I recently had a bunch of grapefruit rind hanging around, and since citrus peel is so valuable around our house, I decided to candy it, rather than just let it go to the dumpster.  I’ve been snacking on the peels themselves ever since, but the other product of candying citrus peel is an intense, citrus-flavored, candied syrup.  I suspected it would be useful in drink-making, but I’ve only now found a good use for it.

The following drink is the kind I least like to see online – one that uses a very specific, necessarily DIY ingredient.  But it’s very tasty, and making candied citrus peels itself is easy (and productive!), so keep this in mind.  I suspect other citrus syrups could be used, but the base liquor and souring agent might have to be swapped around: maybe match orange syrup with bourbon and some kind of aromatic bitters, or lemon syrup with cognac or rye and a dash of yellow Chartreuse.  You could even try using a bitter marmalade (essentially a mixture of the syrup and candied peels) as in the Marmalade Cocktail.

Ad Hoc Sour (mine):

  • 2 oz spiced rum (The Kraken)
  • 1 oz lemon juice
  • 1/2 oz candied-grapefruit syrup (homemade*)
    Shake well witch ice, strain into a cocktail glass, and garnish with a citrus peel, if you feel like it.

I was at first thinking rye might be the base spirit for this, but the deep bitterness of the candied syrup made me move towards the sweet aromatics of spiced rum.  The Kraken, as I’ve mentioned before, is my current favorite of the new generation of spiced rums.  Very vanilla- and spice-forward, with a nice molasses aftertaste.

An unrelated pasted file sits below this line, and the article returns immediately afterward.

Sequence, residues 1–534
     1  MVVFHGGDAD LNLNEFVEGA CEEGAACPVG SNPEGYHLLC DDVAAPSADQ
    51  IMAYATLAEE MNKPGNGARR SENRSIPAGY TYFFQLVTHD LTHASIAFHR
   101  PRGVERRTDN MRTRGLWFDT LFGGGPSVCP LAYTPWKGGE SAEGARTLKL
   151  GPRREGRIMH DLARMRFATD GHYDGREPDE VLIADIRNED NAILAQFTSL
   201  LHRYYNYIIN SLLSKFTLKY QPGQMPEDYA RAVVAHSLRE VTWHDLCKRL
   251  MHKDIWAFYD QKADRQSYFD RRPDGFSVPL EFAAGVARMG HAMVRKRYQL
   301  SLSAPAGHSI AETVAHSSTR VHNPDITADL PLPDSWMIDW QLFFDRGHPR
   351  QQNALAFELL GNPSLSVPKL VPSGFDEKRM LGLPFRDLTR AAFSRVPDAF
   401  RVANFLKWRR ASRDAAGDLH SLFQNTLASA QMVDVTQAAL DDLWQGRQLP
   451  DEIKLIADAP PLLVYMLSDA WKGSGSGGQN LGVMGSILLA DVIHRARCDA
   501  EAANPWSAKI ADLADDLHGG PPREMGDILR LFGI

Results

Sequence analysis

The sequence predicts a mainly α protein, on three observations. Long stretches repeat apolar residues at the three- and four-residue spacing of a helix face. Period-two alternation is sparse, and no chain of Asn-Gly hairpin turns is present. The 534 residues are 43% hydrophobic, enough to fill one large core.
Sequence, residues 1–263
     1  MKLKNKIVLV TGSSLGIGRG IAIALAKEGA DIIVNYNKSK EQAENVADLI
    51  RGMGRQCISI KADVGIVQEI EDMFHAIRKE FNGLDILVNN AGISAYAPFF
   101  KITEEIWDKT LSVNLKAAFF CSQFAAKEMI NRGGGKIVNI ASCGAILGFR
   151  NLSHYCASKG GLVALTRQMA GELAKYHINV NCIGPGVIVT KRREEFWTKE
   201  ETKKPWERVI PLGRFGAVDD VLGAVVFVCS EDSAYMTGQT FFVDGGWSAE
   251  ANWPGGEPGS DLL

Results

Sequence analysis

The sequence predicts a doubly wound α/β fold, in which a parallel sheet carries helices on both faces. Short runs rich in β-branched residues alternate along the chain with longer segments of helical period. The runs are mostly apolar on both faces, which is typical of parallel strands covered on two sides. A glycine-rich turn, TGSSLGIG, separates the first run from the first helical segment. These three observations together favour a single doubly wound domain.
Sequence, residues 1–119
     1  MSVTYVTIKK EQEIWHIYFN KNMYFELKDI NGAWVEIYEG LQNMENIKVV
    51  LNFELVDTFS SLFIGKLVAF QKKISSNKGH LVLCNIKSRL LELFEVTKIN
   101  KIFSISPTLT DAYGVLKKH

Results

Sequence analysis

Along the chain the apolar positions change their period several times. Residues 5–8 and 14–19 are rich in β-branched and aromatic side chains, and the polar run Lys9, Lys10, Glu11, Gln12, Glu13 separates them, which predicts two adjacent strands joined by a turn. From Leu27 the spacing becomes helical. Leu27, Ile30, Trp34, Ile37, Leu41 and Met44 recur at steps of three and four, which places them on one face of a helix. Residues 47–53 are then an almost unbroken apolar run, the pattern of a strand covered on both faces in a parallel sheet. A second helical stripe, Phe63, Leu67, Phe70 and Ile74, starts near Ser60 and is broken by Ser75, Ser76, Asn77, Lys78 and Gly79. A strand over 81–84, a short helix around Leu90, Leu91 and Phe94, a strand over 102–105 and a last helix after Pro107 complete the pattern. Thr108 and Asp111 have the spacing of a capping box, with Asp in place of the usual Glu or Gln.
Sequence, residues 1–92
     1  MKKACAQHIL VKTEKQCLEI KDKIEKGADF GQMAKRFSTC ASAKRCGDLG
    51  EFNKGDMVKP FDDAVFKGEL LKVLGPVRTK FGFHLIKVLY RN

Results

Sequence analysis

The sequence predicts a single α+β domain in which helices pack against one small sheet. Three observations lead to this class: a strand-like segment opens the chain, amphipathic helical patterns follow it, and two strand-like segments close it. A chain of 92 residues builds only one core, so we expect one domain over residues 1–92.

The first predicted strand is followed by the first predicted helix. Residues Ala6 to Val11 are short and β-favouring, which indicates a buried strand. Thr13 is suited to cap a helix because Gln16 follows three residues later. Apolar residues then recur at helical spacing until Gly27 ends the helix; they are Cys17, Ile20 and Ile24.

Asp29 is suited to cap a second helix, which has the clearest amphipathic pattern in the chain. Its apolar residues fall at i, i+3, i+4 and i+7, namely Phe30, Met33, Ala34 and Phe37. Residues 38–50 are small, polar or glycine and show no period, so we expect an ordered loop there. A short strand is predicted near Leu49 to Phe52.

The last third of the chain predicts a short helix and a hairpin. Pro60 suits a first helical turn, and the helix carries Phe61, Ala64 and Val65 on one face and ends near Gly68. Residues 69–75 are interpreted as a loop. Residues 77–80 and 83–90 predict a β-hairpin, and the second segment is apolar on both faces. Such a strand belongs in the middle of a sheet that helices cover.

The drink was really enjoyable; the candied notes of the syrup and the vanilla of the rum combined to make a sort of dark chocolate flavor – the kind of emergent behavior I like to see from my cocktails.  Easy, tasty, and refreshing.  A nice sour for a difficult day.

*Candied-Peel Syrup

  • 4 grapefruits (or other citrus)
  • water
  • sugar
    Remove the pith and peel from the grapefruit with a sharp knife.  The easiest way to do this is to cut off the poles of the fruit (the stem and blossom ends) and make 4 longitudinal cuts through the rind, from pole to pole.  You can then peel the pith and rind off in one, large swath.  Reserve the fruit for separate use.  Place the peels into a saucepan, cover with water, and bring to a boil.  Boil for 10-20 minutes, then strain and repeat.  Do this 2-4 times to reduce the bitterness of the peels; the number of times depends on the choice of fruit – oranges are least bitter, grapefruits most.  After the repetitions, the peels should be softened and slightly swollen-looking.  Add enough cold water to cover, and 1-2 cups of sugar – enough to make a heavy syrup.  Bring to a boil and then simmer for at least 1 hour, probably more like 2, until the peels are softened and translucent.  Remove the peels from the syrup and place on parchment to dry for at least 3 days, turning occasionally.  Strain the syrup into a clean bottle and keep refrigerated.  Once the peels are dry, toss them in granulated sugar and use as a garnish.  They can also be dipped in chocolate, in which case they make fine holiday candy.
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